So who plays for the national championship?
And why them?
Once again, the BCS has failed. There could conceivably be six one-loss teams vying for the two precious berths in the BCS Championship Game (one-loss Boise State and unbeaten Houston don’t have a chance because of their weak schedules). A formula will spit out the winners based on a combination of computer rankings and two human polls.
But there’s no way of knowing whether those two teams are truly the two best. All they will have really done to get their spot in New Orleans is get somewhat arbitrarily selected.
Tweak the formula a bit, weighing the computers a little more than the human polls, and perhaps the participants are different. Tweak one or two of the computers, and perhaps the participants are different. Tweak which human polls are used, and perhaps the participants are different.
It’s a dumb way to crown a champion. It’s always been a dumb way to crown a champion, not just this year when there’s a slew of nearly identical contenders.
College football has always screamed for a limited playoff, with eight teams the ideal number and four a solid second choice. It remains a sport hijacked by the university presidents and conference commissioners who make up the BCS.
Even if LSU doesn’t lose and is clearly deserving of one of the two spots in the BCS Championship Game, the battle for the second spot is a muddled mess.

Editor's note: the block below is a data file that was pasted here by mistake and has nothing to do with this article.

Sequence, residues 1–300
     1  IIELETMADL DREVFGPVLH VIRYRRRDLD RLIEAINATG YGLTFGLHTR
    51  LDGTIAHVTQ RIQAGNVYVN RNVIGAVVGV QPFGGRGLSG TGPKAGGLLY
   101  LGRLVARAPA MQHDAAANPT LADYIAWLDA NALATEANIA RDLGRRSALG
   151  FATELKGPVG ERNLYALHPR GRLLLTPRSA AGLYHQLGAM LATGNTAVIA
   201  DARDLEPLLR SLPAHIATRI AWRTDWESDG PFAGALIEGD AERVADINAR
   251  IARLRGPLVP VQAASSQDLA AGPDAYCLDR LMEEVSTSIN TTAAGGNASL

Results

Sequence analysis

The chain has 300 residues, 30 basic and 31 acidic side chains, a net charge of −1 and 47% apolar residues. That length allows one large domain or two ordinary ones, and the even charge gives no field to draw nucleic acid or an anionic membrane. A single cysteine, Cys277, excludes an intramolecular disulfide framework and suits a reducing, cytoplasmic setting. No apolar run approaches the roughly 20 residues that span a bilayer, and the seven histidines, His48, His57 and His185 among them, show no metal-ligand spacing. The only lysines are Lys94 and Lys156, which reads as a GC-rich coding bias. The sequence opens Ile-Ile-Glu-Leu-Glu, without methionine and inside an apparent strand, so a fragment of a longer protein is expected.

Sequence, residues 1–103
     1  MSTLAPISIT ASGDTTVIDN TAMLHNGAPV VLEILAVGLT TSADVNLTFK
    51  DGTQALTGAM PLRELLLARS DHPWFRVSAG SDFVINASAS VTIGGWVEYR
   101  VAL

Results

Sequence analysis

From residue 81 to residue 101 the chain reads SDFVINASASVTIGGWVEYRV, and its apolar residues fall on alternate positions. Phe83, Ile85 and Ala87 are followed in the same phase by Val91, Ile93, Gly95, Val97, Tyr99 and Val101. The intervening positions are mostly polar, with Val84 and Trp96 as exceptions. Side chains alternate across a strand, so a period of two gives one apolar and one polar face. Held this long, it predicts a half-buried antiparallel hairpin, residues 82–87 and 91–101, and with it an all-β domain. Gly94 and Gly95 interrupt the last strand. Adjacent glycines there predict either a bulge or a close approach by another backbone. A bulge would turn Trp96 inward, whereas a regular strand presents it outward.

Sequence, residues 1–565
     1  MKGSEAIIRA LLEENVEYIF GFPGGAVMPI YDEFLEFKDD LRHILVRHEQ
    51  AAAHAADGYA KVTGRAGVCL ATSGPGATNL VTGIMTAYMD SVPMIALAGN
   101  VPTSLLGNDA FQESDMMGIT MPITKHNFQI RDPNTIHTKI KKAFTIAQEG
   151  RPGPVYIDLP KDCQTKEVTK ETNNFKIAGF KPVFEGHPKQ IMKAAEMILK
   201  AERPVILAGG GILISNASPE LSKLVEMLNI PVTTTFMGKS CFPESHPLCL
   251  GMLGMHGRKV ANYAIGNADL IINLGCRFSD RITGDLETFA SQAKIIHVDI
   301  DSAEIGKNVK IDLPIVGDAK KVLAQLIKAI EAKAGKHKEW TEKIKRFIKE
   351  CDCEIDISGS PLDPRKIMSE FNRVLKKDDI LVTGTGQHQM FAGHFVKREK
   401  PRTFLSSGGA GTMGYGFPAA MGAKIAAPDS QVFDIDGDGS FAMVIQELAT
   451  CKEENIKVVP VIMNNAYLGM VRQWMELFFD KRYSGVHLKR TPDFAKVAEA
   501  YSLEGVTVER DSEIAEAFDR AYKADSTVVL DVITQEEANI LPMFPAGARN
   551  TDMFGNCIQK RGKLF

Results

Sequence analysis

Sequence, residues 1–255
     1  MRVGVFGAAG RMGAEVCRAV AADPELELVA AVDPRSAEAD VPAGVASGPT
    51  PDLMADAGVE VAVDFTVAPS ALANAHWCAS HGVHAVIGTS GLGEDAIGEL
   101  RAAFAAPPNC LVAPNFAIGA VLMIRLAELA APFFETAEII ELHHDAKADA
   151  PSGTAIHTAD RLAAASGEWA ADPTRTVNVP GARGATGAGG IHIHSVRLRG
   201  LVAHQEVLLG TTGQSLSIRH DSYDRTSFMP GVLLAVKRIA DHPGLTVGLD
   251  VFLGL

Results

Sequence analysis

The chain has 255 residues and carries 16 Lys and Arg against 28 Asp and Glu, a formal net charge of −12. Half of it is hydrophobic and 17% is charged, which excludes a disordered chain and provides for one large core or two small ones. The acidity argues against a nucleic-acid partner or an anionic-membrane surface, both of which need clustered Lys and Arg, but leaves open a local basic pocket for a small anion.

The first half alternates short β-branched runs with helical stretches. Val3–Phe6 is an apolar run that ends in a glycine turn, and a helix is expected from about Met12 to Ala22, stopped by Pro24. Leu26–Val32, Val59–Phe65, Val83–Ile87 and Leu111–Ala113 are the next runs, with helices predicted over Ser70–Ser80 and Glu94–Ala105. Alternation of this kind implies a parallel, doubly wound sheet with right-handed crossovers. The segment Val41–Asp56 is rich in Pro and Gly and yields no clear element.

And if, heaven forbid, the rash of upsets that’s made the last month brilliant theater continues, there could be a crazy scenario where both participants playing for the national title failed to even make their conference title game.
If Georgia wins the SEC title game, Oklahoma State falls to Oklahoma and Virginia Tech is beaten by either Virginia or Clemson, the only one-loss teams remaining among the legitimate contenders would be Stanford and one or two of the three SEC West teams.
What makes the absence of a playoff so frustrating is that a special second half of the season is marred by an unsatisfactory finish.
Midway through the season, there was the possibility of the LSU-Alabama winner, Wisconsin, Stanford, Oklahoma State, Clemson and Boise State all running the table. Instead, one stunner after another has taken place over the past five weeks, culminating in last weekend’s carnage.
But instead of building on the drama with a winner-take-all tournament, the season will come down to a math problem.
This is what it sounds like, when fans cry.
What We Learned
The University of Southern California can play.
The Trojans are banned from bowl participation, fallout from the Reggie Bush scandal, but they’re a force.
They’ve been forgotten about (or ignored) because of the sanctions levied against them, unable to win a national title and so out of the national consciousness, but they’ve played a role in the title chases of others, nearly knocking off Stanford in a game that went to overtime the night of Oct. 29 and taking down Oregon last Saturday to end the Ducks’ outside hopes of reaching the BCS title game.